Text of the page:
Michael H. Taylor
Research Assistant Professor
Department of Economics & Center for Resource Economics
University of Nevada, Reno/Mail Stop 0204
1664 North Virginia Street, Reno, Nevada 89557
Tel: (775) 784-1679
Office: Ansari Business, 521C
My research interests are in the areas of environmental, natural resource, and agricultural economics. My previous research has examined economic issues related to invasive species management, regulation of public rangelands, wildland fire policy, homeowners' investments to mitigate wildfire risk, and economic growth and regional development. My research agenda has recently expanded to consider the economics of water use in both urban and agricultural settings in the western United States. I have used a variety of analytical tools in the course of my research, including applied econometrics, dynamic modeling of coupled economic-ecological systems, dynamic general-equilibrium analysis, calibration and simulation methods, spatial analysis and spatial econometrics, mechanism design/regulatory design, survey design and implementation, and non-market valuation. In addition, much of my current and previous research is interdisciplinary, and has afforded me the opportunity to collaborate with ecologists, hydrologists, and other natural scientists.
- Ph.D., Department of Agricultural and Resource Economics, University of Maryland, College Park, MD
- B.A., First Class Honors, Department of Economics, McGill University, Montréal, Canada
- Eiswerth, M., R. Epanchin-Niell, K. Rollins, and M.H. Taylor. Economic Modeling and the Management of Brome Grasses: Accounting for Ecosystem Dynamics, Ecological Thresholds, and Spatial Interdependencies. In M.J. Germino, J.C. Chambers, and C.S. Brown (Eds.): Exotic Brome Grasses in Arid and Semi-Arid Ecosystems of the Western United States: Causes, Consequences, and Management Implications. Springer Press. (In Press).
- Kobayashi, M., K. Rollins, and M.H. Taylor. 2014. Optimal Livestock Management on Sagebrush Rangeland with Ecological Thresholds, Wildfire, and Invasive Plants. Land Economics 90(4): 623-648.
- Weltz, M.A., K. Spaeth, M.H. Taylor, K. Rollins, F. Pierson, L. Jolley, M. Nearing, D., and S.K. Nouwakpo. 2014. Cheatgrass Invasion and Woody Species Encroachment in the Great Basin: Benefit of Conservation. Journal of Soil and Water Conservation 69(2): 39-44.
- James, J.J., R. Sheley, T. Erickson, K. Rollins, M.H. Taylor, J. Aronson, and K.W. Dixon. 2013. A systems approach to restoring degraded drylands. Applied Ecology 50(3): 730-739.
- Taylor, M.H, K. Rollins, M. Kobayashi, and R. Tausch. 2013. The Economics of Fuel Management: Wildfire, Invasive Plants, and the Dynamics of Sagebrush Rangelands in the Western United States. Journal of Environmental Management 126: 157-173.
- Melkonyan, T. and M.H. Taylor. 2013. Regulatory Policy Design for Agroecosystem Management on Public Rangelands. American Journal of Agricultural Economics 95(3): 606-627.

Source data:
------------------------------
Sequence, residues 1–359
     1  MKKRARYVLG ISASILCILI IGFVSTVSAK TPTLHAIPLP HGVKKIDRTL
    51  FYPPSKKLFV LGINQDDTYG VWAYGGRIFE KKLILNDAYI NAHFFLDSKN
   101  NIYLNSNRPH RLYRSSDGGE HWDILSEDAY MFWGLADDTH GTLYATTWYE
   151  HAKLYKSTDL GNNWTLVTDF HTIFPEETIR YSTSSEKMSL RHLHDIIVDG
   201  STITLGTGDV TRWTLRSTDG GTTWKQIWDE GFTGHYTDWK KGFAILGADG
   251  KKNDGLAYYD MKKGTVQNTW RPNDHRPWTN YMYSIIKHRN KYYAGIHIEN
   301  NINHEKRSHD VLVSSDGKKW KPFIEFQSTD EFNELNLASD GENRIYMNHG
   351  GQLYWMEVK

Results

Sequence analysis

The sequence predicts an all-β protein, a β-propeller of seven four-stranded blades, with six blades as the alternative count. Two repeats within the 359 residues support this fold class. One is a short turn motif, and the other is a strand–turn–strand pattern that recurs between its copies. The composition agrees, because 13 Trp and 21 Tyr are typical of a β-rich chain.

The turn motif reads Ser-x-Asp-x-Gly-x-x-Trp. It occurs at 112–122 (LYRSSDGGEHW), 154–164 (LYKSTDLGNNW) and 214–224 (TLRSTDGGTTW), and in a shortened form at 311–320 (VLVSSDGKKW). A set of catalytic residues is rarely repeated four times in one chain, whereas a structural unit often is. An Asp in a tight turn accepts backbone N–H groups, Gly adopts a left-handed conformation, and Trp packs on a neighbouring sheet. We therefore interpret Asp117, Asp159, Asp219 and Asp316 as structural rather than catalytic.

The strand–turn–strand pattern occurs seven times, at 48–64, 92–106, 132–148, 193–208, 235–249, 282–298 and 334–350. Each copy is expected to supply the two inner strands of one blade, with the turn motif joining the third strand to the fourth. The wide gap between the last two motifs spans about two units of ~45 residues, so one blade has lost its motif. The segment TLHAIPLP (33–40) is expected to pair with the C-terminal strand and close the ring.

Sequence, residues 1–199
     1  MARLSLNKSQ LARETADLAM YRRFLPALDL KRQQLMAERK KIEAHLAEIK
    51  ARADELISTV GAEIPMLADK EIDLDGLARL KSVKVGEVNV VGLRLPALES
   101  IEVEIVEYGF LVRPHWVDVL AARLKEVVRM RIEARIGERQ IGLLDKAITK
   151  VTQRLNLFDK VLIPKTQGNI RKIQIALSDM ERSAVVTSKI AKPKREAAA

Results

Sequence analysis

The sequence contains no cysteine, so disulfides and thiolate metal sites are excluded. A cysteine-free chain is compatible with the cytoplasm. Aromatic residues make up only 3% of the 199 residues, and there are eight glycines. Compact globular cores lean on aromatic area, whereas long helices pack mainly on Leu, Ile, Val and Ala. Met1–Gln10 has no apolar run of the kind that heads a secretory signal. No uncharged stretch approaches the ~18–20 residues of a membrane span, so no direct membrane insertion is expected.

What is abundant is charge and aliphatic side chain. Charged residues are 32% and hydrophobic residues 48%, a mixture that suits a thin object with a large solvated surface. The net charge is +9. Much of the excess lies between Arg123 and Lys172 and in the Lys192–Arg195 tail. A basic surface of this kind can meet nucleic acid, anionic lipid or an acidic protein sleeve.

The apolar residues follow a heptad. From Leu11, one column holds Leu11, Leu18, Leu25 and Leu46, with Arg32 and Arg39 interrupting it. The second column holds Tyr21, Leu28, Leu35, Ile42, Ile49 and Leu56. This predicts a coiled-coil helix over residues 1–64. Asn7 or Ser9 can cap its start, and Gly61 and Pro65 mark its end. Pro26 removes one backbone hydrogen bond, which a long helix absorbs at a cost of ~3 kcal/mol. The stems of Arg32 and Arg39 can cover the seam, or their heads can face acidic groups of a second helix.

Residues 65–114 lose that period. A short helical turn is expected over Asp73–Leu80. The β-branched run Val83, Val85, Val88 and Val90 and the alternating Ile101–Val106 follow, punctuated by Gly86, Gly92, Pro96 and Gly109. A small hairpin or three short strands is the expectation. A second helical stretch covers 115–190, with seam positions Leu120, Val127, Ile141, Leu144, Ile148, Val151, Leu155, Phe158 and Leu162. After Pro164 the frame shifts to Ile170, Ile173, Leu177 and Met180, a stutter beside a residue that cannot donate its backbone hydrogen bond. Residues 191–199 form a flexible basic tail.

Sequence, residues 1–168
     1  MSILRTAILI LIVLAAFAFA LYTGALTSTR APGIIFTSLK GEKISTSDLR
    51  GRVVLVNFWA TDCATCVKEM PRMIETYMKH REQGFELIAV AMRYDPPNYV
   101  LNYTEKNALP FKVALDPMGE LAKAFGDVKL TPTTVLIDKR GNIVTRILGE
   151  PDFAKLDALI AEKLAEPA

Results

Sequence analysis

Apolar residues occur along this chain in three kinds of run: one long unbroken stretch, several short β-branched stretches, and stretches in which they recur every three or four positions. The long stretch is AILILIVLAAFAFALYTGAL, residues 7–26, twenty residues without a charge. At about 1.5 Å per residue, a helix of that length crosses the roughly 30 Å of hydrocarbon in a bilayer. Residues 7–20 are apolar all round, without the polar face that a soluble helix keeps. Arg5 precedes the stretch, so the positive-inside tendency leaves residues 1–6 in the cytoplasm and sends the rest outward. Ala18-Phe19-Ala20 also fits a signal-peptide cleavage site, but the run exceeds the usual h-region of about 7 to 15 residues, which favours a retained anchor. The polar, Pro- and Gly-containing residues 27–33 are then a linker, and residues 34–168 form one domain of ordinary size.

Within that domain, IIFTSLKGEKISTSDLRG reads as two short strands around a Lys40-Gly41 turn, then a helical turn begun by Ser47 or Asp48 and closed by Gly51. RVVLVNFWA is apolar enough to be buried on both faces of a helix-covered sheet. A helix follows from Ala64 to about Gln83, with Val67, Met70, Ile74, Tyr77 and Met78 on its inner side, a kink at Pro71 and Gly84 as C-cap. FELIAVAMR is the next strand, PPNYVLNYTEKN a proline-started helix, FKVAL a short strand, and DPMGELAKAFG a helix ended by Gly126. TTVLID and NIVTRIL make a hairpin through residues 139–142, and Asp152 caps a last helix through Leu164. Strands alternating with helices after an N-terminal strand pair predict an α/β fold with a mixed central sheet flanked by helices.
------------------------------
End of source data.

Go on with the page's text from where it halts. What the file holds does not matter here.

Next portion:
- Rollins, K. and M.H. Taylor. 2012. The Economics of Ecologically Based Invasive Plant Management on High Desert Rangelands. Rangelands 34(6): 48-52.
- Taylor, M.H. and K. Rollins. 2012. Using Ecological Models to Coordinate Valuation of Ecological Change on Western Rangelands for ex post Application to Policy Analysis. Western Economics Forum 11(1): 13-21.
- List, J.A., P. Sinha, and M.H. Taylor. 2006. Using Choice Experiments to Value Non-market Goods and Services: Evidence from Field Experiments. B.E. Journals in Economic Analysis and Policy: Advances in Economic Analysis and Policy, 6(2): 1-37.
- Taylor, M.H., L. Christman, and K. Rollins. 2013. Risk Externalities, Wildfire Hazard, and Private Investment to Mitigate Wildfire Risk in the Wildland-Urban Interface. UNR Economics Working Paper Series Working Paper No. 13-003.
- Taylor, M.H., A.J. Sanchez Meador, Y. Kim, K. Rollins, and H. Will. The Economics of Restoration-Based and Hazard-Reduction Fuel Treatments in the Ponderosa Pine Forest Ecosystem. Revised and resubmitted at Forest Policy.
Work in Progress
- Taylor, M.H. Non-Balanced Growth in the United States: Evaluating Supply-Side versus Demand-Side Explanations. Work in Progress.
- Taylor, M.H. The Spatial Consequences of Non-Balanced Growth. Work in Progress.
- Taylor, M.H. Contrasting Economic and Ecological Thresholds on Semi-Arid Rangelands: Implications for Management and Regulation. Work in Progress.
- Christman, L., K. Rollins, and M.H. Taylor. Willingness to Pay to Reduce Wild Fire Risk in Wildland-Urban Interface: A Comparative Analysis of Public Programs and Private Actions. Work in Progress.
- Ecological Restoration Institute. 2013. The Efficacy of Hazardous Fuel Treatments: A Rapid Assessment of the Economic and Ecological Consequences of Alternative Hazardous Fuel Treatments: A Summary Document for Policy Makers. Northern Arizona University. 28 pp.
- Ranching, Invasive Annual Grasses, & the Economics of Wildfire in the Great Basin. The Progressive Rancher (July/August 2013).
- When Does it Pay to Conduct Fuel Management? The Progressive Rancher (July/August 2013).